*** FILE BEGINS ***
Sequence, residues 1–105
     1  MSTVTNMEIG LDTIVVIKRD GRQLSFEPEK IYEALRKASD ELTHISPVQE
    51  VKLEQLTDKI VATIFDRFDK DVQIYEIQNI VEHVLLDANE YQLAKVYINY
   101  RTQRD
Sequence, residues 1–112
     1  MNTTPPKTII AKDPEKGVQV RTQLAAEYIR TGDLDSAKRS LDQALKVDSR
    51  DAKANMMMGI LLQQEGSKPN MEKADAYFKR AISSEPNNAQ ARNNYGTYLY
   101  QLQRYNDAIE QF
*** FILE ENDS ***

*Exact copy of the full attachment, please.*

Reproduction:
Sequence, residues 1–105
     1  MSTVTNMEIG LDTIVVIKRD GRQLSFEPEK IYEALRKASD ELTHISPVQE
    51  VKLEQLTDKI VATIFDRFDK DVQIYEIQNI VEHVLLDANE YQLAKVYINY
   101  RTQRD
Sequence, residues 1–112
     1  MNTTPPKTII AKDPEKGVQV RTQLAAEYIR TGDLDSAKRS LDQALKVDSR
    51  DAKANMMMGI LLQQEGSKPN MEKADAYFKR AISSEPNNAQ ARNNYGTYLY
   101  QLQRYNDAIE QF